It’s been said that if you ask five lawyers for their opinion, you’ll get at least six answers. Well, the same might be said for social networking except that behavioral preferences narrow the list to four likely responses.
So let’s take a little test: Facebook is approaching 500 million members. More than half of them check in daily, spending a total of 500 billion minutes per month on the site. Twitter now publishes nearly 45,000 “tweets” per minute. During the same minute, 24 hours of video are being uploaded to YouTube. And let’s not forget LinkedIn, the professional networking site, where one new member joins every second.
What was your initial reaction to these statistics? Did you immediately wonder why people are wasting time on this nonsense? Or were you enthralled with the idea of turning complete strangers into your BFFs (best friends forever)? Did you feel overwhelmed by how rapidly things are changing or did you immediately fear for your privacy?
Despite the pervasive exuberance (or abhorrence) for connecting 24/7 with friends, fans, colleagues and even complete strangers, it’s apparent that not everyone is embracing social networking with unconditional love. There are many factors that might influence an individual’s decision to become engaged in social networking. But one of the most significant factors might be our behavioral style, often times simply called DISC.
Going back thousands of years, research has shown that people tend to react to problems, people, pace and procedures in four basic ways. Each of the DISC letters represents one particular behavioral style. While no style is good or bad, each one energizes or de-energizes us depending upon our own personal style.
What follows is a brief description of how an individual might react to social networking based on his or her behavioral style.
D(irect): Social networking is all about gaining market share and beating the pants off our competition. The change brought about by all this disruptive innovation, ambiguity and complexity — it’s the perfect environment for me to establish myself as the expert. I’ve got so much to tell people and Twitter is great. What more can I ask for — tell someone what I’m thinking in 140 characters or less!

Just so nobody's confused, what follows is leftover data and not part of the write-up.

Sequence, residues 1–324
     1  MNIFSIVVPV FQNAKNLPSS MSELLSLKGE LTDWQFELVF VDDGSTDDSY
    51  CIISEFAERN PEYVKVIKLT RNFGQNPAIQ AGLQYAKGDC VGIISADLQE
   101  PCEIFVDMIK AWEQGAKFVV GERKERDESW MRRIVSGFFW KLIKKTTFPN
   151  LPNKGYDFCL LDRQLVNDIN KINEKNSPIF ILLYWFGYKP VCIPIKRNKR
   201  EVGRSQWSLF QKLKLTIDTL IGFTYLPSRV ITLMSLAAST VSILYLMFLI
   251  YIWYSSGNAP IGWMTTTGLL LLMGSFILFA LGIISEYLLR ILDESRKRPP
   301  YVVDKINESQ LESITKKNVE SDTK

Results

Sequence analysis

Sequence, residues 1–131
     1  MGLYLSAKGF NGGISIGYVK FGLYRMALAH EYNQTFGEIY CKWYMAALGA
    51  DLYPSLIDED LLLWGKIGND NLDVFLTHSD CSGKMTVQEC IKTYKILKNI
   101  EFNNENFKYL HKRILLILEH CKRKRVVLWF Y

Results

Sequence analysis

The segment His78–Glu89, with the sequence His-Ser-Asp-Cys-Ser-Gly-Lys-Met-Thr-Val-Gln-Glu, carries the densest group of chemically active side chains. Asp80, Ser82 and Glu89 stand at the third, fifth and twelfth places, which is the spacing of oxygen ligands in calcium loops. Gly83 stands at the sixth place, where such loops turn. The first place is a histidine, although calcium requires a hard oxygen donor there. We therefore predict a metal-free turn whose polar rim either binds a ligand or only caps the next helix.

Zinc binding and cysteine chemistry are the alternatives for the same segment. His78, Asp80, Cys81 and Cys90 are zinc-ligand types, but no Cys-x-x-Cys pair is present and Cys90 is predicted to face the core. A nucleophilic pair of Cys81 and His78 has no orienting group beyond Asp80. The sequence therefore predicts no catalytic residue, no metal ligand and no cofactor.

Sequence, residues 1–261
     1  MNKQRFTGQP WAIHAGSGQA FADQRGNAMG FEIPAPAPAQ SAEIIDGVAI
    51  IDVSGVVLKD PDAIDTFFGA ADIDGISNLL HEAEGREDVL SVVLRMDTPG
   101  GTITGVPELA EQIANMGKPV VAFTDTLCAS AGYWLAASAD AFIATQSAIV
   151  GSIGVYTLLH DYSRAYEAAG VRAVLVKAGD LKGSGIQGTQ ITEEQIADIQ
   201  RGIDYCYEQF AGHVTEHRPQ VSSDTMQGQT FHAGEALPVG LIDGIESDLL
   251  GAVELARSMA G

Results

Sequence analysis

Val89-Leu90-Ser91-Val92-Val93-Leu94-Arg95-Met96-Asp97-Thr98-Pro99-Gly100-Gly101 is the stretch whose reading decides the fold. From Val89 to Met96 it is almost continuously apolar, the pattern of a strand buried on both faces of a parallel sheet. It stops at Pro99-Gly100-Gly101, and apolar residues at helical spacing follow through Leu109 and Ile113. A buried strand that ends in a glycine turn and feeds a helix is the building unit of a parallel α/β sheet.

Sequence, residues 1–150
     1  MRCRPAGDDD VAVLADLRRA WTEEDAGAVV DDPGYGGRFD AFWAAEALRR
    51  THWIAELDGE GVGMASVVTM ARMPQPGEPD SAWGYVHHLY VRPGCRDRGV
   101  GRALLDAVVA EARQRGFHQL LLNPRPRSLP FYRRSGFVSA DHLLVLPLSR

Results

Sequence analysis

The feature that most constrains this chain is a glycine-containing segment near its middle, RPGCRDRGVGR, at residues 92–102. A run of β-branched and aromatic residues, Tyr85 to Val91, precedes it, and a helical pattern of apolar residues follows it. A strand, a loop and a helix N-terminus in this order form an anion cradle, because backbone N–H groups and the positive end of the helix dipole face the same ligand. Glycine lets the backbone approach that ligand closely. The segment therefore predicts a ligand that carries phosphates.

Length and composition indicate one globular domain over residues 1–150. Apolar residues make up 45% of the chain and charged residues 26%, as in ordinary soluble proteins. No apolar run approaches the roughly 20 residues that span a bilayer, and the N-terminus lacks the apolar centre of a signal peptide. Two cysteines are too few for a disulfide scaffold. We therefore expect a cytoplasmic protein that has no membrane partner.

I(nfluence): Woohoo! For me, social networking sites keep me on a 24/7 high. They are a dream come true. I know no strangers, just friends I haven’t met yet. I can now become friends with people all over the world. I feel like I’m at one continuous party. I love getting invitations to follow other people. That means other people find me interesting. It’s such a warm feeling knowing that I never have to feel alone again. I can say whatever is on my mind whenever I want and there is always someone who is ready and willing to talk.
S(teady): I’m overwhelmed. I opened accounts in Linkedin and Facebook, but I wasn’t sure what to do next. I got to the personal profile and felt uncomfortable sharing my birthday with complete strangers. How do I know that I can trust all these people who send me invitations? I’ve never even heard of many of them before. How much can I believe about the information people put on their profile? If I’m going to join a site, I’m going to start with just one and feel my way around. But I’m exhausted just thinking about getting started.
C(onscientious): I’m really squeamish about this whole thing. There’s just no research that any of these sites will ever last…and then what happens with all my information. Is it safe? You never can be too careful. Someone needs to prove to me that my privacy will be protected and that I can control who sees my profile. Only a fool would want to share their personal information with a complete stranger. I’ve got to study this more and evaluate the benefits vs. risk. If I do become a member, you can be assured I will keep my profile protected and only connect with people that I know and trust.